Three Men Charged in Wildfire at Isle Royale National Park in Michigan

Three Michigan men have been charged with causing a wildfire that burned six acres and damaged Isle Royale National Park, a remote, rugged archipelago in Lake Superior, in 2022, the authorities said.

According to the charging documents, the men, Dylan Kenneth Wagner, 29; Jason Arden Allard, 28; and Scott Warren Allard, 30, started the fire when they were camping illegally in the park on Aug. 12-13, 2022, north of the junction of the Mount Franklin and Tobin Harbor trails.

“They camped illegally in an area too close to the trail and had a fire that was not in one of the metal rings or grills provided by the park,” the National Park Service said in a statement announcing the charges.

On the morning of Aug. 13, 2022, smoke was seen billowing over Isle Royale near the Three Mile campground, the Park Service said.

Officials said that the fire burned about six acres, “resulting in the emergency closure of multiple trails, campgrounds and docks.” A photo of the aftermath of the fire that park officials shared on Instagram on Thursday showed smoke rising from a ridge of scorched earth.

It took 13 days to fully contain the fire, which forced the closure of a number of trails and campgrounds. Several hikers and campers were evacuated, the Park Service said.

Wildland firefighters from two agencies across two states responded to the fire, and a single-engine air tanker from Minnesota scooped water from Lake Superior, “strategically dropping it over the fire,” the Park Service said.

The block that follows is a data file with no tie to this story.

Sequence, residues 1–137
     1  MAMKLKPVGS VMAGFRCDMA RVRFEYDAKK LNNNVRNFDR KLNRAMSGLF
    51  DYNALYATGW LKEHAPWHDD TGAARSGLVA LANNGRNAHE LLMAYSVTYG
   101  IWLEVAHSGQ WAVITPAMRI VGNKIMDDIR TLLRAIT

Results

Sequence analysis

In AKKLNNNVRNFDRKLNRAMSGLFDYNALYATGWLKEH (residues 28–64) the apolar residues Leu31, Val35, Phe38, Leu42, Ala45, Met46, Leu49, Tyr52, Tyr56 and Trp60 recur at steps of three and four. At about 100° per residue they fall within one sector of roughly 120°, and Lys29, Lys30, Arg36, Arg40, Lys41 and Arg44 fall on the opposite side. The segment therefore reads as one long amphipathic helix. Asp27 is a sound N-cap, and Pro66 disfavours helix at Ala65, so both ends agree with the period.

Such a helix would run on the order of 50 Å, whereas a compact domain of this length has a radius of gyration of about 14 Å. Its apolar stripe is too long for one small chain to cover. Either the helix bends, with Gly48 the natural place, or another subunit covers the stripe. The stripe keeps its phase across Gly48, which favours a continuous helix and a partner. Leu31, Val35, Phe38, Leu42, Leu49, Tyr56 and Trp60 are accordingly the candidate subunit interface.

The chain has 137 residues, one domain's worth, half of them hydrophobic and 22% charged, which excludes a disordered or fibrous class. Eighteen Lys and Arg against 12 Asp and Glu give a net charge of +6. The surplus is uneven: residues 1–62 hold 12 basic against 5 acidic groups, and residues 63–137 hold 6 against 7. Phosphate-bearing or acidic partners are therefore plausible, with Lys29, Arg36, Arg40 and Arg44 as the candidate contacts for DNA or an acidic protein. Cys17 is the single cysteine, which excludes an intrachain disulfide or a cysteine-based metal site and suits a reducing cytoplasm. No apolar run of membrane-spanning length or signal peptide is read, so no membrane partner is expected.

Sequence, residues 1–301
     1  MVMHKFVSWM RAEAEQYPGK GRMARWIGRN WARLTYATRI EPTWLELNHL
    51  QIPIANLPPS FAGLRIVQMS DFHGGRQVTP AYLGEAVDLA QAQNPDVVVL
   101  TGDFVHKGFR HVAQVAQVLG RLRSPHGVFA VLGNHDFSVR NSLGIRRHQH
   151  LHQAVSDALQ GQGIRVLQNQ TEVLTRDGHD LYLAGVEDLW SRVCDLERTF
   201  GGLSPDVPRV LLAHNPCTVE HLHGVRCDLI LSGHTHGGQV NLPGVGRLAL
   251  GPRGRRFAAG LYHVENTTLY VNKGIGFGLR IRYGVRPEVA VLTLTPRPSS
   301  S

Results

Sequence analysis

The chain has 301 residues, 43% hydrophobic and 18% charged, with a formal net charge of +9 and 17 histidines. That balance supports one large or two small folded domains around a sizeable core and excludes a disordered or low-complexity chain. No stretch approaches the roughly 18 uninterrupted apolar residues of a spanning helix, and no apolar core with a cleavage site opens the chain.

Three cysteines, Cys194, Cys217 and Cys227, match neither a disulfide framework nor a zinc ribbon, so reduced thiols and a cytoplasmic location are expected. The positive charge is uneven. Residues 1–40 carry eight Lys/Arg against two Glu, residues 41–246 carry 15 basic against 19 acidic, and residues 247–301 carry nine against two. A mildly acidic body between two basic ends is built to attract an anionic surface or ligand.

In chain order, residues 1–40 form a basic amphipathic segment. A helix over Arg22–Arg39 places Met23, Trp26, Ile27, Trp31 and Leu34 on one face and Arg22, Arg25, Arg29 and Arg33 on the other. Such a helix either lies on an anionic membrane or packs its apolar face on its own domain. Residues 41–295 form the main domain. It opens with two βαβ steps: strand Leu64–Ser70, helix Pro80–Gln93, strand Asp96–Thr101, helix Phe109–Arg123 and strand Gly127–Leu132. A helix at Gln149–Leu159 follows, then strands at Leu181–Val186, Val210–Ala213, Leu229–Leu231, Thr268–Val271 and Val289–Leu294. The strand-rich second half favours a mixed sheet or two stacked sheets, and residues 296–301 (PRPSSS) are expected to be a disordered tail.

Isle Royale National Park, which was established in 1940, is an island cluster in Lake Superior that is accessible only by ferry, seaplane or private boat. It is part of Michigan, but sits closer to the Minnesota shoreline and the Ontario border. The park’s 132,000 acres of land and waterways are popular with backpackers, hikers, boaters, paddlers and divers.

“Some of America’s most stunning places are right here in Michigan, including Isle Royale National Park,” Mark Totten, the U.S. attorney for the Western District of Michigan, said in the statement announcing the charges.

The men were each charged with one count of lighting, tending or using a fire causing damage to real property and one count of violating conditions established by the superintendent of the park, according to the Park Service statement. It was not immediately clear if the men had lawyers.

Each charge carries a maximum penalty of up to six months in prison, a fine of up to $5,000, up to five years of probation and mandatory restitution, Mr. Totten’s office said.


Your email address will not be published. Required fields are marked *